Sunday night spillage occurs 1-mile offshore from Hyperion Water Reclamation Plant
By Sam Catanzaro
17 million gallons of raw sewage spilled into Santa Monica Bay Sunday night.
According to Heal the Bay, the sewage spill started at 7 p.m. on Sunday night and was stopped around 5 a.m. Monday morning.
“We understand 17 million gallons of raw sewage were spilled through the 1-mile outfall, which is directly offshore from the Hyperion Water Reclamation Plant in El Segundo,” Heal the Bay wrote in a fact sheet following the spillage.
Los Angeles County Supervisor Janice Hahn, who represents the area, said in a Tweet that a mechanical failure caused untreated sewage to be discharged into the ocean. Heal the Bay elaborated by saying that the inflow to the Hyperion plant was severely clogged and flooded the facility.
“The sewage left the facility untreated through the 1-mile pipe and outfall,” Heal the Bay said.
The City of LA’s department of sanitation did not release information surrounding the spill until 5:40 p.m. Monday.
“Sunday afternoon, the Hyperion Water Reclamation Plant became inundated with overwhelming quantities of debris, causing backup of the headworks facilities,” LA Sanitation wrote in a statement. “The plant’s relief system was triggered and sewage flows were controlled through the use of the plant’s one-mile outfall and discharge of untreated sewage into Santa Monica Bay. Normally the discharge of treated sewage is through the five-mile outfall. During the eight hours of discharge through the one-mile, approximately 17 million gallons of raw sewage (representing six percent of a daily load) was discharged as an emergency measure to prevent the plant from going completely offline and discharging much more raw sewage.”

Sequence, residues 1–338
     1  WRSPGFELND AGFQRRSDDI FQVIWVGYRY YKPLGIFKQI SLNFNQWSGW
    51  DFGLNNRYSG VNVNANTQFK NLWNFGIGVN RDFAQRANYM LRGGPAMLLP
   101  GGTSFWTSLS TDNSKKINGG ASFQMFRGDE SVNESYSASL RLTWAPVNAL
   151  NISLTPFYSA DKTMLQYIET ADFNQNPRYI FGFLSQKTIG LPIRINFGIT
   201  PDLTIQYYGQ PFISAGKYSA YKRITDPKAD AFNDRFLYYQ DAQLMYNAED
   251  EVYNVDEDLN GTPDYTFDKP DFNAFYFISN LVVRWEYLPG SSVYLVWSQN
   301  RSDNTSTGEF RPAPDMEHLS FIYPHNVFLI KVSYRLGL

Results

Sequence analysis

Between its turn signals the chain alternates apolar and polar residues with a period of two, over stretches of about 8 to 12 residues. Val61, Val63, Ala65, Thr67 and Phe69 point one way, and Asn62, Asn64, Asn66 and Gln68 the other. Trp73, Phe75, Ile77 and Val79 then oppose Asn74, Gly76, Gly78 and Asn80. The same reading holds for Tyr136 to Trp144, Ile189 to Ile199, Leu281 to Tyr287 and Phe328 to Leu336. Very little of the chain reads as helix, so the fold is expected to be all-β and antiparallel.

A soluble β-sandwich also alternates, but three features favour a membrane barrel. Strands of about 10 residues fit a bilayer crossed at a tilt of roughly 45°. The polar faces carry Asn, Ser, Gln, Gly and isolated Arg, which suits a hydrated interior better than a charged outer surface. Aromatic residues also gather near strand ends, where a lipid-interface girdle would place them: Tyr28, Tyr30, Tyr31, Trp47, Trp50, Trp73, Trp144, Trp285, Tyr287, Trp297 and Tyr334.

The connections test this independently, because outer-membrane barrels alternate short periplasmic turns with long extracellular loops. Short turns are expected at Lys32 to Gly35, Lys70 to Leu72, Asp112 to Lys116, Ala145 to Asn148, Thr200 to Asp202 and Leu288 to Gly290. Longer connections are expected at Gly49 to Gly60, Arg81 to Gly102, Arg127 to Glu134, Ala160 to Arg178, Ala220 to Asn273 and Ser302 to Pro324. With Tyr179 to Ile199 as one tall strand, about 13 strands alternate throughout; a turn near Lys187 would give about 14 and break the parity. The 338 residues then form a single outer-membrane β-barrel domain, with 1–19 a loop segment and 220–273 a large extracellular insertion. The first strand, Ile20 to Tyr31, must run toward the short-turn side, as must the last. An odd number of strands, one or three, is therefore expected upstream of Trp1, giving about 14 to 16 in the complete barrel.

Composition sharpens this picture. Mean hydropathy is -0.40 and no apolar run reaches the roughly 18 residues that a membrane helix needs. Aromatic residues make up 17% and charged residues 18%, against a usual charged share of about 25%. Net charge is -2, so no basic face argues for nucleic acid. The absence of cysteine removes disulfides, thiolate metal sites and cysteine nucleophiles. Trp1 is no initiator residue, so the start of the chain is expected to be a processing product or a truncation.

The Los Angeles County Department of Public Health has issued a beach closure due to the sewage discharge affecting all swim areas around the following areas: Beach # 110 – Dockweiler State Beach at Water Way Extension; Beach # 111 – Dockweiler State Beach at Hyperion Plant; Beach # 112 A – El Segundo Beach; Beach # 112 B – Grand Ave. As of Tuesday morning the closure remains in effect.
In addition, the Surfrider Foundation’s Los Angeles chapter issued a statement on social media saying to stay out of the water at other beaches in Santa Monica Bay until further testing has been done.
“This contamination could be more widespread than we know, meaning loved surf spots like Topanga & Sunset Point could be at risk as well. We don’t know where this ended up, the safest route is to avoid water contact in SM Bay until test results show that beaches are safe for swimming,” reads the post.
The last major such incident was in 2015 when 230 million gallons of sewage spilled into Santa Monica Bay. According to Heal the Bay, from 2020 to 2021, 75 sewage spills sent a total of 346,888 gallons into rivers, lakes, and streams within Los Angeles County, including a 222,542 gallon spill in February 2021 closed all the beaches in Long Beach.
This story is still developing and will be updated as more information becomes available.